Fish of Lake Eyre and its tributaries

Pellicans on Lake Eyre

The infrequent flooding of Lake Eyre (Kati Thanda) by major episodic rain events in western NSW and Queensland often results in the partial filling of Lake Eyre. The massive increase in wetland and marine birds breeding on the periphery of the lake and on the many small islands and the rivers to the north has been well documented (Kingsford and Porter 1994) and the subject of numerous TV documentaries.

No rivers or creeks in central Australia flow permanently, although there are a number of artesian springs (e.g. Ebgbaston Springs, Elizabeth Springs) that bring water to the surface forming permanent waterholes or small lakes. Many of the rivers have deep water holes that never or seldom dry out, and these provide the source populations for the fish that rapidly increase and expand their geographic distributions when rain comes and the rivers flow.

When in flood, rivers such as Cooper Creek may spread as wide as 50km or more in parts, owing mainly to the flatness of the landscape, which causes the river to spread out into many channels (Wager and Unmack 2000). When in flood, these rivers capture a diverse range of terrestrial invertebrates that become an important food source of breeding fish. Salt lakes also are the source of a large biomass of invertebrate eggs that lay dormant until the lakes fill, when they hatch, often in such large numbers they can provide a pink tinge to the lake. It is these waterholes and deep pools that are ecologically important, and because of their size they are often easily contaminated by unthinking people and stock. Much less is known of the massive increase in the fish population that occurs with this flooding (Kerezsy 2011) than we do about the wetland birds. The vast majority of these fish die as the rivers and lake dry up (Ruello 1976, Kerezsy 2011), but while they last, these fish and the abundance of invertebrates are a food source that supports the thousands of wetland and marine birds that breed in the vicinity of Lake Eyre when it contains water.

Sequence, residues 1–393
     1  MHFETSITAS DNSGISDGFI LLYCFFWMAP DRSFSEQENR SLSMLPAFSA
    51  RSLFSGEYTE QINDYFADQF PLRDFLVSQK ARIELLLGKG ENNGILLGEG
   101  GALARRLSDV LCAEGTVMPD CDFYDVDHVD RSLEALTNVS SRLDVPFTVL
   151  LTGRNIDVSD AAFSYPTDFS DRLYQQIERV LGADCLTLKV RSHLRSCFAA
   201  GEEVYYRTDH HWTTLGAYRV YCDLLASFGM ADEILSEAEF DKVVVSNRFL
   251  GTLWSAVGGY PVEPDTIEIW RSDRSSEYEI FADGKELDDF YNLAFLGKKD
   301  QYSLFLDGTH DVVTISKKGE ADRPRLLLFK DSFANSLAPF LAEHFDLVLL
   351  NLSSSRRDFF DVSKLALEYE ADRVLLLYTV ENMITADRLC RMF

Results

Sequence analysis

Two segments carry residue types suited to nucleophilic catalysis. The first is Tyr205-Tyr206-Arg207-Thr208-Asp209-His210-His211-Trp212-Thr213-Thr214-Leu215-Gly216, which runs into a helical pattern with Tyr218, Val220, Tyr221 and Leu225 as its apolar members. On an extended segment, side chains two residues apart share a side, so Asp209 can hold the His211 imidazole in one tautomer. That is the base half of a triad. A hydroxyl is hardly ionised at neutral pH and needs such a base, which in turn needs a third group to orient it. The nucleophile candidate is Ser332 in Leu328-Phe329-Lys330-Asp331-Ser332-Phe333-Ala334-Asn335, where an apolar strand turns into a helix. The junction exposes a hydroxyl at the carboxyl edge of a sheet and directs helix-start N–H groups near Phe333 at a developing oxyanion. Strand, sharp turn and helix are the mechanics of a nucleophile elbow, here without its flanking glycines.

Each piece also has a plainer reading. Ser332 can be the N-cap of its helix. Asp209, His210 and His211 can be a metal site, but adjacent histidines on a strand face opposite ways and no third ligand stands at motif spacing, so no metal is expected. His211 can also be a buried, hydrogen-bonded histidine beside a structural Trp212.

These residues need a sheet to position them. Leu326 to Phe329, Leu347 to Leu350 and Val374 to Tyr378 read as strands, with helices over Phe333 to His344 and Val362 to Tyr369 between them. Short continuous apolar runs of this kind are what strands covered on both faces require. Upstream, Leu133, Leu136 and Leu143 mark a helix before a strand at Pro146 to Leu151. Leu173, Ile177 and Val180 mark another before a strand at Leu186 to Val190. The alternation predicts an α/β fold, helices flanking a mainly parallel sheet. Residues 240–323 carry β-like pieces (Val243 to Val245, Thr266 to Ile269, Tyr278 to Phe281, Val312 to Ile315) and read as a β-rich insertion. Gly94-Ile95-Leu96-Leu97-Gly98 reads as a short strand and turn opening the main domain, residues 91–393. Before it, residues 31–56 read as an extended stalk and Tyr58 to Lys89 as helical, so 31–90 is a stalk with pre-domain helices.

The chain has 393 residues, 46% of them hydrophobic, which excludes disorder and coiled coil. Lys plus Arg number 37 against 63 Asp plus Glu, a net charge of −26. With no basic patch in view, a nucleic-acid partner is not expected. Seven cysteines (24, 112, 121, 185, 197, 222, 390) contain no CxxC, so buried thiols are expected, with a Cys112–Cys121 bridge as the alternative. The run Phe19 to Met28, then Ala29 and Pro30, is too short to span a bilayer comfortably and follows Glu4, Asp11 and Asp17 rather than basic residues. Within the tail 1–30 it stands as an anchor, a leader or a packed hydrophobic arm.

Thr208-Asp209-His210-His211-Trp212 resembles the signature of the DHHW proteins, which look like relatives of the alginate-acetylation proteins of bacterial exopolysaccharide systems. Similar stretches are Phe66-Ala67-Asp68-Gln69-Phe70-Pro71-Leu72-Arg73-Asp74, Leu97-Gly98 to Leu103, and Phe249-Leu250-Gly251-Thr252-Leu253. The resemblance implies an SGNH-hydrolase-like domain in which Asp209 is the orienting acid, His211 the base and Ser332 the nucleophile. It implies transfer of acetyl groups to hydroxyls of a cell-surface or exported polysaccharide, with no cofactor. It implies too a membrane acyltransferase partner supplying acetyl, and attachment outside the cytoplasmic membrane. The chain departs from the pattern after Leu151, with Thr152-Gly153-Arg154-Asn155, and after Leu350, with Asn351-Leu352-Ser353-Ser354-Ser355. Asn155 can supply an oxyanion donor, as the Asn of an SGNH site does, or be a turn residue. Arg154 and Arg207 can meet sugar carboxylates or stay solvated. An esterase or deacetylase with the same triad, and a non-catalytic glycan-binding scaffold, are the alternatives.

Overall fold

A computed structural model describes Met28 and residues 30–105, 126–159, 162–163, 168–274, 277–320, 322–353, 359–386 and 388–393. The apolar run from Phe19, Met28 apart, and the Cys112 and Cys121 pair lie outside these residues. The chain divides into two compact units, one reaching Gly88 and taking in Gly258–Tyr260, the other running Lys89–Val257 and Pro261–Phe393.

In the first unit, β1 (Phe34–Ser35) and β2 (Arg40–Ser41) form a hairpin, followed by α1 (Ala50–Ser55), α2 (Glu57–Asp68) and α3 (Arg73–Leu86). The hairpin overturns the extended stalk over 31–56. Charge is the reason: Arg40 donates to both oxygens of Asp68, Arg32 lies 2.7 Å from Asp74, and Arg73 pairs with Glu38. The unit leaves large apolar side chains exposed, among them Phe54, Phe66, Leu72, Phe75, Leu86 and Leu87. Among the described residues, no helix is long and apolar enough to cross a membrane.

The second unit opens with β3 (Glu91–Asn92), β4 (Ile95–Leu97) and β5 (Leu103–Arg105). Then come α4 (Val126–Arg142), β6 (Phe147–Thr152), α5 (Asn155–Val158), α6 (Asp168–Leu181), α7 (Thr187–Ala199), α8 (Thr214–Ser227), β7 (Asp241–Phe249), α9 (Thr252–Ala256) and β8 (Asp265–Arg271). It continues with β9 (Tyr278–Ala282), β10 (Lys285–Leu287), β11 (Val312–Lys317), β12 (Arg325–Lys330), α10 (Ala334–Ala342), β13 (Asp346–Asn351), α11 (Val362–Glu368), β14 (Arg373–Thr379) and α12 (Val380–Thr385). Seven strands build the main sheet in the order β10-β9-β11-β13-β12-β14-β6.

Wager and Unmack (2000) provided the following list of fish that can be found in the Lake Eyre catchment:

  • Bony Bream (Nematalosa erebi)
  • Australian Smelt (Retropinna semoni)
  • Hyrtl’s catfish (Neosilurus hyrtlii)
  • Dalhousie catfish (Neosilurus gloveri)
  • Bulloo false-spined catfish (Neosilurus sp.)
  • Cooper Creek Catfish (Neosilurides cooperensis)
  • Silver tandan (Porochilus argenteus)
  • Finke hardyhead (Craterocephalus centralis)
  • Dalhousie hardyhead (Craterocephalus dalhousiensis)
  • Lake Eyre hardyhead (Craterocephalus eyresii)
  • Glover’s hardyhead (Craterocephalus gloveri)
  • Aramac Spring hardyhead (Craterocephalus sp.)
  • Desert rainbowfish (Melanotaenia splendida tatei)
  • Red-finned blue-eye (Scaturiginichthys vermeilipinnis)
  • Western chanda perch (Ambassis mulleri)
  • Lake Eyre golden perch, yellowbelly or callop (Macquaria sp.)
  • Bulloo golden perch or yellowbelly (Macquaria sp.)
  • Murray-Darling golden perch, yellowbelly or callop (Macquaria ambigua ambigua)
  • Murray cod (Maccullochella peelii peelii)